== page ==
Dr. Seuss is my favorite childhood author.
The timeless wisdom woven into his rhymes, coupled with his iconic illustrations, combine to make his works ageless. Perhaps none of his stories illustrate this more than The Sneetches – a tale about a species of birds, their all-too-human qualities, and the exploitation of those qualities by a shameless huckster.
Some Sneetches had stars on their bellies, while others did not. The physical dichotomy between Star-Bellied Sneetches and Plain-Bellied Sneetches resulted in a socio-economic stratification. The Sneetches with stars would not associate with starless Sneetches:
“But, because they had stars, all the Star-Belly Sneetches
Would brag, ‘We’re the best kind of Sneetch on the beaches.’
With their snoots in the air, they would sniff and they’d snort
‘We’ll have nothing to do with the Plain-Belly sort!’
Dr. Seuss took the concept of the “haves” and “have-nots” and presented them in a comical way that resonates with everyone. One can’t help but empathize with the Plain-Bellied Sneetches, while harboring disdain for the arrogance of their Star-Bellied counterparts.
The story continues. One day, a businessman happened upon the Sneetches. He approached the Plain Bellies with an offer.
“ ‘My Friends,’ he announced in a voice clear and keen,
‘My name is Sylvester McMonkey McBean.
And I’ve heard of your troubles. I’ve hear you’re unhappy.
But I can fix that. I’m the Fix-it-Up Chappie.’”
Sylvester McMonkey McBean presented a machine that put stars on the bellies of the Plain-Bellied Sneetches – for a price of only three dollars each. Not surprisingly, the Star-Bellied Sneetches responded with righteous indignation when they saw that the Plain-Bellied Sneetches now had “stars upon thars.” To their delight, the Fix-it-Up Chappie offered a solution:
“Then up came McBean with a very sly wink
And he said, ‘Things are not quite as bad as you think.
So you don’t know who’s who. That is perfectly true.
But come with me, friends, Do you know what I’ll do?
I’ll make you, again, the best Sneetches on the beaches
And all it will cost you is ten dollars eaches.’”
Now the Star-Bellied Sneetches were Plain-Bellied Sneetches, and the Plain Bellies were Star Bellies! Each group got what it wished for – but neither got satisfaction.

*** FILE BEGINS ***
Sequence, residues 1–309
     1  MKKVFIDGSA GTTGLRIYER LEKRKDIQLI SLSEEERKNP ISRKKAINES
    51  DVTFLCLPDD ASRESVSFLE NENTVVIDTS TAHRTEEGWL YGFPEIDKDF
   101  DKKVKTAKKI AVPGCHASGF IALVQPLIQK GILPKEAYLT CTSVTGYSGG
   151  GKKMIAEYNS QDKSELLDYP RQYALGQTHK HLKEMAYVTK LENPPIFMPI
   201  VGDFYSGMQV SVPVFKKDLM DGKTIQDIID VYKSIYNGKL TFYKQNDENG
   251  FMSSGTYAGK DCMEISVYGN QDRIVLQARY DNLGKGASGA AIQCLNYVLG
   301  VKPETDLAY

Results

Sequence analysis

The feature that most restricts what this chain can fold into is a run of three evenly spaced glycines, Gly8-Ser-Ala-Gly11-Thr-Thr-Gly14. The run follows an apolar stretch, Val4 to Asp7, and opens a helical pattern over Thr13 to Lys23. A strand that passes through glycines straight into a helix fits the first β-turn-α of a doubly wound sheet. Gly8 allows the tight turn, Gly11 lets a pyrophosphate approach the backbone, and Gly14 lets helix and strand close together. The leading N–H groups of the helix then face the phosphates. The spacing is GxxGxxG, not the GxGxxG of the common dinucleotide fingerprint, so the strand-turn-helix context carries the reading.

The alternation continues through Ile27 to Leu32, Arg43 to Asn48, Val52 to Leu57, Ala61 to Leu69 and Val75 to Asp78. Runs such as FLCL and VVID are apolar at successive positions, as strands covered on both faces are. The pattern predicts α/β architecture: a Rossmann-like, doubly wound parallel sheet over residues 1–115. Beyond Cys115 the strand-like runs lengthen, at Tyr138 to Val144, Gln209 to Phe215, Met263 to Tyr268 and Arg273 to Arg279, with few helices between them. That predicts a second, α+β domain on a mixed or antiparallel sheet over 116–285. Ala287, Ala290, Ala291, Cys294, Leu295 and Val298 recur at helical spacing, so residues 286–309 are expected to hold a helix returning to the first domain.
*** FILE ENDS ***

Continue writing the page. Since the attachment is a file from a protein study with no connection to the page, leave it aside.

The Star-Bellied Sneetches rushed through McBean’s machine again to have their stars removed. Which prompted the Plain-Bellied Sneetches to go through as well and have their bellies embossed with stars. This started a vicious cycle.
“All the rest of that day, on those wild screaming beaches,
The Fix-it-Up Chappie kept fixing up Sneetches.
Off again! On again!
In again! Out again!
Through the machines they raced round and about again.
Changing their stars every minute or two.
They kept paying money. They kept running through
Until neither the Plain nor the Star-Bellies knew
Whether this one was that one…or that one was this one
Or which one was what one… or what one was who.”
The good news was that inequality among Sneetches was eradicated. The bad news was that equality came with a price: all the Sneetches were penniless.
We can learn valuable lessons from the Sneetches.
The Star-Bellied Sneetches were at fault for discriminating against the Plain-Bellied Sneetches. However, the Plain-Bellied Sneetches could have responded to the behavior of their Star-Bellied counter parts in a different manner. If either group hadn’t rushed head over heel to remake itself, then Sylvester McBean’s snake-oil solutions wouldn’t have bankrupted them.
I think The Sneetches should be required reading in all high schools.
Because if you look at America today, you can’t help but notice parallels between us and the Sneetches. Our society is almost as stratified economically as the Sneetches’ was socially.
Some people have higher incomes than others. The rhetoric of the “haves” and the “have-nots” is pervasive, and is growing stronger every day. The distribution of income is a hot topic, and is a focal point of the upcoming midterm elections.
As a matter of fact, tonight’s State of the Union address by President Obama is expected to include a “call to action” to address the problem of income inequality.
Some of our most prestigious academics teach that skewed income distribution and economic inequality represent a fundamental flaw in our free-market system. This inequality allegedly retards economic growth, reduces the social mobility of the poorest among us, and shrinks the middle class. In his column in The New York Times, Nobel Laureate Paul Krugman contends that inequality hampers both social and economic mobility. Chairman of the White House Council of Economic Advisers Alan Krueger holds that one of the main reasons for stagnant economic growth is income inequality. Krueger claimed recently in a speech at the Center for American Progress that “the economy would be in better shape and aggregate demand would be stronger if the size of the middle class had not shrunk as a result of rising inequality.”
Both the President’s anticipated “call to action” and the alleged damage caused by income inequality brings to mind two very important questions:
1) What is the role of the federal government in insuring income equality?
2) Is income inequality truly as bad as many academics attest?